Tag Archives: Jeddah

Roland Rant.

Working in Saudi Arabia is difficult enough for the majority of expats in terms of lifestyle adjustments.  But teaching contractors really don’t make it any easier.  From my experience so far they are inefficient, lazy, incompetent and generally rude.

I was prepared for this by my interview for the company I work for with it’s head honcho.  He asked me nothing during the interview about my teaching skills, abilities, experience etc…  (Although he did seem interested in my  “knowledge” of Saudi Arabia, which was refreshing and boosted my ego somewhat).   It was obvious here that the company was pretty desperate for teachers.   The only interview question he asked me was:

“What would you do if you were in a bar in London and someone knocked over your pint?”

I paused, briefly thinking this might be a trick question about alcohol.  No, just because I’m in a bar in London, doesn’t mean I can’t handle a year without alcohol.  Hmmm…  So I gave an honest answer, and one which I figured would also happen to demonstrate I’m suitable teacher material (ie patient):

“Well, i’d firstly check to see if this person had noticed they’d knocked over my dri…..”

At this point I was interrupted.  “No, that’s the wrong answer”, my soon-to-be-boss stated.  “You’re going to be working in Saudi Arabia.  Arabs like strong leaders.  They like to be put in their place and told what to do, it’s the only way they’ll get anything done”.  (Or words to that effect)  He then cited Saddam Hussein’s gassing of a Kurdish village, and the fact that the village had been interviewed a few years later and stated they still supported Saddam, as proof that Arabs like strong leaders.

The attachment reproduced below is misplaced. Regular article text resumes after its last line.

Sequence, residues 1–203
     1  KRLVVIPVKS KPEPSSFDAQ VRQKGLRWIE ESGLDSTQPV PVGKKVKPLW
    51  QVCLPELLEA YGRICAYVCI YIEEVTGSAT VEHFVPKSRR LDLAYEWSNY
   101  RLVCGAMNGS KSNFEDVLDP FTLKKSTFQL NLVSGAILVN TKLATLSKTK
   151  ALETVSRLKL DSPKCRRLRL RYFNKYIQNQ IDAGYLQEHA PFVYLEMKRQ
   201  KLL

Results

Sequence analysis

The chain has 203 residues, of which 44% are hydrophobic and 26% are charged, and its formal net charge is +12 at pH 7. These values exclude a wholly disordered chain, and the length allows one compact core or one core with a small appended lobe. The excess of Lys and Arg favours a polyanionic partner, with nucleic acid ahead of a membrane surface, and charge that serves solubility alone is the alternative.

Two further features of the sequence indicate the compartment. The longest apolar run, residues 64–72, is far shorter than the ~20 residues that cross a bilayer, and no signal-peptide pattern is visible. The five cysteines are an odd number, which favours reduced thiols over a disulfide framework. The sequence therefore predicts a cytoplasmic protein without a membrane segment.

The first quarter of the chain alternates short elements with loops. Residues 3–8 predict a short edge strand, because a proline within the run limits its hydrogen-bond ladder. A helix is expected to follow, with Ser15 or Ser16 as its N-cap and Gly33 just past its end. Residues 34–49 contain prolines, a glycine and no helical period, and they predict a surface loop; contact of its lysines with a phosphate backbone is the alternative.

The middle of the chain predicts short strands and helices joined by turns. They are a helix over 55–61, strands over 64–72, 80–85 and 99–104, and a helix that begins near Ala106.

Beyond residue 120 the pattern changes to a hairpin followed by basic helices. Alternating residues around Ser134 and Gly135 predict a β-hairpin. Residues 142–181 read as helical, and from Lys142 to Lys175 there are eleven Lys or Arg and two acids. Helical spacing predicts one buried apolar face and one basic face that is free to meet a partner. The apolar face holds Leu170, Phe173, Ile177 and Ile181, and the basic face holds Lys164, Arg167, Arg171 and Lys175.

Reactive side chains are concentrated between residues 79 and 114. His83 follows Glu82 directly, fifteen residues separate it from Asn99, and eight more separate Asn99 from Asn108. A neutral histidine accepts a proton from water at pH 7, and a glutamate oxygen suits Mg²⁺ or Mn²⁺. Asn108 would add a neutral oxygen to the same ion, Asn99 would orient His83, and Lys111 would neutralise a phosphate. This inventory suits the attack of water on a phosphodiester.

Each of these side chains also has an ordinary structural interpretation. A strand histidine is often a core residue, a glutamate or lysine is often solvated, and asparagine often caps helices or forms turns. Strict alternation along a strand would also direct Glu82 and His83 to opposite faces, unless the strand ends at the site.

Yes boss, Arabs love strong leaders.  It has nothing to do with a history of western colonial support for these leaders, or the fact that the resources of the region allow these leaders to stay in power, or the fact that strong leaders are seen as able to challenge Israel’s power.  Oh and those revolutions last year challenging those strong leaders?  Let’s just ignore those.  My boss had demonstrated his alpha male qualities from the very start.

Anyway, I was very keen to work in KSA, and it seemed most teaching companies who worked there were just as bad, so I took the job.

Generally working life has been pretty easy.  I work at a great little college, and my Saudi coworkers and Kuwaiti boss are great, and the hours aren’t too bad.  Dealing with my contractors, though, has been a nightmare.  Every month I have to leave the country for visa purposes.  Because it’s cheap, we are sent to Bahrain, often on 2 days notice.  The security situation there obviously isn’t great, but it’s not this that I mind…in fact it makes it more interesting for me.  It’s the fact that our flights are booked so late in the day that we fly at ungodly hours.  I’ve been here for 8 months and I’m yet to receive a shred of overtime payment.  My paycheck is often late.  Our salary isn’t broken down, so I have no idea if it’s correct or not.  We are yet to receive any visa or travel expenses. Contacting my boss is a nightmare, he never answers emails about simple queries.

My point here isn’t to moan about minor things.  It’s to highlight that there’s nothing I can do about any of these problems.  Saudi labour law is sketchy at best, and our contracts are probably not worth the paper they’re written on.  If I even suggest that I’ve spoken to the other teachers about the matter we could be changed with sedition.  The other company who contract teachers at our college have just told them that they’ll be stuck in KSA for the summer, with no work to do, and under the terms of their visas they’ll be unable to leave.